December 18

Presidency Be A Disaster For The Global Economy

Presidency Be A Disaster For The Global Economy

The unexpected victory of Donald Trump in the US presidential election is a crucial moment for the global economy. A global market still recovering from the 2008 financial crisis is evident by weak international investment, low commodity prices, low consumer confidence, falling business and consumer confidence, rising household and household debts, and historically low rates of interest.

Trump’s win will not reverse this trend. In fact, his economic policies, if they are implemented, will slow global growth, trade, and investment and could trigger trade and currency wars. Here’s why. Trump’s macroeconomic agenda promises radical reforms. First, trade protectionionism but also changes in immigration policy which will impact the US labor market.

His trade policy seeks reverse decades of liberalization. It begins with a withdrawal of the Trans-Pacific Partnership (TPP), currently before Congress. A renegotiation (or possible withdrawal) from the North American Free Trade Agreement with Canada and Mexico. China is also labeled as a currency manipulator and a 45% tariff on Chinese imports to the US. He also demanded a tariff of 35% on products imported by US companies who outsource production to Mexico.

Trade Economy Protectionism

Global trade and the US economy will be affected by aggressive trade protectionionism. Moody’s Analytics’s modeling suggests that the proposed tariffs on Chinese goods and Mexican goods would raise their prices by 15%, and overall US consumer prices by 3%. This will reduce household disposable income, consumer desire, and domestic economic activity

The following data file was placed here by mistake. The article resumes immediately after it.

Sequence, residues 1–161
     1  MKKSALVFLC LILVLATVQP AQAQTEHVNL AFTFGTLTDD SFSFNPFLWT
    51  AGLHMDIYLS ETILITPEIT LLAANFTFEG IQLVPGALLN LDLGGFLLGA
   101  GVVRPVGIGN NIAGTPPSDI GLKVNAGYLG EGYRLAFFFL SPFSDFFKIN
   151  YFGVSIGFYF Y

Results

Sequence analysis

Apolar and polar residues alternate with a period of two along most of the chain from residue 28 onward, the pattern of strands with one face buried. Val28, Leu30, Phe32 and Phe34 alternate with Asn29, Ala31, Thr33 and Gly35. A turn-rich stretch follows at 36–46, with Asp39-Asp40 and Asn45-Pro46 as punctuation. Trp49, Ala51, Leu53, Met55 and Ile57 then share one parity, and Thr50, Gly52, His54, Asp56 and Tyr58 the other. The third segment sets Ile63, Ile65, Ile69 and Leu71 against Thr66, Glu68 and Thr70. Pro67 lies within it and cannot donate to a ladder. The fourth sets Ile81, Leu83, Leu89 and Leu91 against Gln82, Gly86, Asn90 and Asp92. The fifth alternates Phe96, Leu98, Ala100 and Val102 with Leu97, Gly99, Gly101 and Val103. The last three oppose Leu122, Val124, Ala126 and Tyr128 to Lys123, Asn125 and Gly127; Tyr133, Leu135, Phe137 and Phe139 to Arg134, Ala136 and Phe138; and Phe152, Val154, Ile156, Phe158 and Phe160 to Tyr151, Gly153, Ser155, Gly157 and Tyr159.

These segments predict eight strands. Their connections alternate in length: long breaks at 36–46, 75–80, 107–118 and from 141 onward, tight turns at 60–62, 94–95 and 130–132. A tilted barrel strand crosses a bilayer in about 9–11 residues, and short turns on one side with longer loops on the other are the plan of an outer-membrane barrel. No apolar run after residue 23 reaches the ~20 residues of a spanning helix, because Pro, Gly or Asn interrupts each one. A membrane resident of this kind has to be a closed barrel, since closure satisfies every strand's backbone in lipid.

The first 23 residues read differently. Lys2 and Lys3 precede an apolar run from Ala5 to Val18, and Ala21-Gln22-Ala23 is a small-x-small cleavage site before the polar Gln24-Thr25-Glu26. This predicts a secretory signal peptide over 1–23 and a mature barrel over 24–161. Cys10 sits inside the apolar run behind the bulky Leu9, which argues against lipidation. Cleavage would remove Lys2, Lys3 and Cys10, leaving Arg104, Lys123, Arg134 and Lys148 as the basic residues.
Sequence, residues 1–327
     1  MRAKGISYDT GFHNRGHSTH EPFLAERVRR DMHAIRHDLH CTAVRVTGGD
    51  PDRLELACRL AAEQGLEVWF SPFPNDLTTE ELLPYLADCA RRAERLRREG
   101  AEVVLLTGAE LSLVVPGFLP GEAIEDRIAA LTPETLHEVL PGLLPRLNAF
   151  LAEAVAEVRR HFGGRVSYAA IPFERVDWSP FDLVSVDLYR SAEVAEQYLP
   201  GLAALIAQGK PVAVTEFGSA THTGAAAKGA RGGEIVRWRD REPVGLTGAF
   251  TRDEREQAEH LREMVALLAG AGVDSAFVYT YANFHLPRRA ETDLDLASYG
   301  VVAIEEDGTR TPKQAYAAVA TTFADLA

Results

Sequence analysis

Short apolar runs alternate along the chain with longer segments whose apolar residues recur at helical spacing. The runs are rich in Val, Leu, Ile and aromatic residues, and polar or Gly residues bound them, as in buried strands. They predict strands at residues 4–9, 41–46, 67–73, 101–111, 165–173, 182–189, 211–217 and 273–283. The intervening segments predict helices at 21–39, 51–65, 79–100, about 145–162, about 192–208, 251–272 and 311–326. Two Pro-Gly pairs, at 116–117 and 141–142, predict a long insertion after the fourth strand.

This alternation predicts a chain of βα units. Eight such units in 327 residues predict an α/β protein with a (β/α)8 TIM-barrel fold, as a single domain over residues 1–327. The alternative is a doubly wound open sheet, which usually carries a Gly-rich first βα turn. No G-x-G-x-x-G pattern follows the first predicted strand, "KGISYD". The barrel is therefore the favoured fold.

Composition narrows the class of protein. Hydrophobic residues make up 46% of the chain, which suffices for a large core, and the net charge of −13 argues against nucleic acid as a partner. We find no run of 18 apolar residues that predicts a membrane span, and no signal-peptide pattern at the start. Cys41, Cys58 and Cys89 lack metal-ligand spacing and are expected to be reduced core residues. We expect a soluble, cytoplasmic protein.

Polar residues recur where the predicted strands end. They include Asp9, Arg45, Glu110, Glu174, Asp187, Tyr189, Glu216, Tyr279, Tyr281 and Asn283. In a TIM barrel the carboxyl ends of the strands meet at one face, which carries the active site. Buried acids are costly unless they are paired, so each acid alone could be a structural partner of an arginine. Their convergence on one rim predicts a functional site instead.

Trump’s immigration agenda, which includes tightening quotas as well as sending illegal immigrants home to their homelands, would increase inflationary pressures. These policies would reduce labour mobility and potentially lead to shortages on an already tight labour market.

The Fed would tighten its monetary policy to reduce inflation and wage pressures. However, this could have negative consequences on interest rates and housing affordability. This would also impact the ability of American households and businesses to purchase consumer goods and sustain their spending.

International Impacts

Mexico and China would suffer even more, as the US is their largest trading partner. China would see its exports drop, which would further exacerbate already steep declines in export volumes caused by the slow global economy. China’s exports were down 7.3% even before Trump’s election. This leaves Beijing dependent on domestic growth for economic activity.

A further drop in Chinese exports could lead to a contraction of Chinese economic activity, which could have severe consequences, including a global recession, as volatility, economic uncertainty, and trade volumes fall, and investor confidence declines.

The Chinese authorities would have difficulty managing the economic downturn, given the large increase in debts to the public and private sectors. In a context where the export sector is still an important source for employment, there are concerns about political stability.

Mexico would also adversely affect. Mexico’s exports to America are more valuable than those of its 15 closest trading partners. The US’s retrenchment could have a negative impact on Mexican businesses, reduce profits and possibly lead to a recession. This would also have negative consequences for Latin American countries exporting to Mexico.

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Posted December 18, 2021 by penulis in category "Uncategorized